Basketball star LeBron James grew up in Akron, Ohio, the son of a teenage single mother. He remembers missing weeks of school at a time while they moved from apartment to apartment, never stable, never sure they wouldn’t be living in their car next month. It took a toll on his education that he only escaped because of the opportunities afforded him by a sports career.

This year, the basketball star is leaving Cleveland with a new $154 million contract with the Los Angeles Lakers. But he’s leaving his home with a tremendous gift.

Through the LeBron James Family Foundation, the I Promise School will be a public elementary school teaching at-risk youth in Akron with a STEM focus. It will have a non-traditional schedule, with a school year that began in July and will run year-round with multiple short breaks instead of a summer vacation. School days are long, from 8 a.m. to 5 p.m., to give students from unstable households plenty of time to receive help with their studies. The school includes a family resource center that will allow parents to get better access to help so that they will be able to fully support their children.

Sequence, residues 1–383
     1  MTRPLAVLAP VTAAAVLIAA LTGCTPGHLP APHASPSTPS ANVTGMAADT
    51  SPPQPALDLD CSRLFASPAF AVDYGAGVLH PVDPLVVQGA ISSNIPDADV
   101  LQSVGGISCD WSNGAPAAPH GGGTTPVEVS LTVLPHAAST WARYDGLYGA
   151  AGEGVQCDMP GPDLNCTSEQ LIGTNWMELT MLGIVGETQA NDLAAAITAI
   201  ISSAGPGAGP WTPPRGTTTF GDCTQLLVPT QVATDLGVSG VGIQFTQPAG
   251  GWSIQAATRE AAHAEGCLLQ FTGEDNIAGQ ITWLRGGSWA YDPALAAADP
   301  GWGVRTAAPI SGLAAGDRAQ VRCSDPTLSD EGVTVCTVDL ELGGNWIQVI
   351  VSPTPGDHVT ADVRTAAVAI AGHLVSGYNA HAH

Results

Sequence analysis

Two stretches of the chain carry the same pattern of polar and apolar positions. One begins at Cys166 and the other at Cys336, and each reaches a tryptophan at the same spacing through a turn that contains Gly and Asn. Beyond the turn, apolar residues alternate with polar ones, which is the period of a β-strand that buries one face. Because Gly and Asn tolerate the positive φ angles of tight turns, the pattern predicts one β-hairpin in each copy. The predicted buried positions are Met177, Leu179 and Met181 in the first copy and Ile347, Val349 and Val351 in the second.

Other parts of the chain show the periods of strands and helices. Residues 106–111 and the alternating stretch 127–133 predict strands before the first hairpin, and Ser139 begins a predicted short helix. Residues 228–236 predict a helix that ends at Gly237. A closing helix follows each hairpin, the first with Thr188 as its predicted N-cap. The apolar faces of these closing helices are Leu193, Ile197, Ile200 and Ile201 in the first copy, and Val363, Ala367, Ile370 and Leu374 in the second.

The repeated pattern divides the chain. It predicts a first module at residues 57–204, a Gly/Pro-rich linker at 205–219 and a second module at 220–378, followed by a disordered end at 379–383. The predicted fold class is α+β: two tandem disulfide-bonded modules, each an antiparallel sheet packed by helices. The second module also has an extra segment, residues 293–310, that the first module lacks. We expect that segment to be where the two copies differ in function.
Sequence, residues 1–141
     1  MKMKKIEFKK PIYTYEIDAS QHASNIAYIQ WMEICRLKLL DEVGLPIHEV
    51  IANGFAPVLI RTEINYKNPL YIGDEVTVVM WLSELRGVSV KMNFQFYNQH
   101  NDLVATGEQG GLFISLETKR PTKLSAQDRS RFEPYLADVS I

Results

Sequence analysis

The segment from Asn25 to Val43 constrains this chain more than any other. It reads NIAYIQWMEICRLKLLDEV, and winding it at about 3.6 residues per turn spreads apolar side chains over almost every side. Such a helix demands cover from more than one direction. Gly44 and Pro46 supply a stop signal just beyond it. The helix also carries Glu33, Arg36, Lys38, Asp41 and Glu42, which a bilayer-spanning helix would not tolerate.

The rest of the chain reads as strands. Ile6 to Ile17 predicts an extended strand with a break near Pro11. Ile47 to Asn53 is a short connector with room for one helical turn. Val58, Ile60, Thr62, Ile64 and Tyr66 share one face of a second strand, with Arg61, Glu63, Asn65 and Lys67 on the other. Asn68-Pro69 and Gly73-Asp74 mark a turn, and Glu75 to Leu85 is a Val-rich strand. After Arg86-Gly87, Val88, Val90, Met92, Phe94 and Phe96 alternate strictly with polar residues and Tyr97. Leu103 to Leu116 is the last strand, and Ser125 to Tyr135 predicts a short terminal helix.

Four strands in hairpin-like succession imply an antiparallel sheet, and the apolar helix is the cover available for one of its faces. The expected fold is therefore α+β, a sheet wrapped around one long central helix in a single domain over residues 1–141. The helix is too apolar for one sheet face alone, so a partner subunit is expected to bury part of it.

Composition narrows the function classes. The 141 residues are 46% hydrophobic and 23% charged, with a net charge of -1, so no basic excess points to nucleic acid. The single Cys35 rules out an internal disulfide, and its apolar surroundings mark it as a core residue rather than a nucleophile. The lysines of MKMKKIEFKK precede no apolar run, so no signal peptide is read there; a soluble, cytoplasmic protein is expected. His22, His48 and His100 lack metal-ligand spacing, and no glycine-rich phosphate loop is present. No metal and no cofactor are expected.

Basketball star LeBron James hasn't forgotten his childhood--including the struggles he had with education due to a chaotic childhood. The results of James' research and the fact that he remembers where he came from was the I Promise School, which opened to its first students this year.

James came up with the idea while researching the high dropout rates in Akron. The I Promise School, which is completely funded by the foundation, provides uniforms, transportation, two meals a day, and tuition aid for every graduate. There’s also a food pantry on campus, and GED and job placement services for parents. Currently, every student enrolled is also given a free bicycle and helmet. In exchange, the students agree to a simple code of conduct which emphasizes simply showing up and doing the work.

This year, the I Promise School is open to students in third and fourth grades, the grades which James struggled hardest in. By 2022, it intends to be fully operational, with classes for grades K-8.

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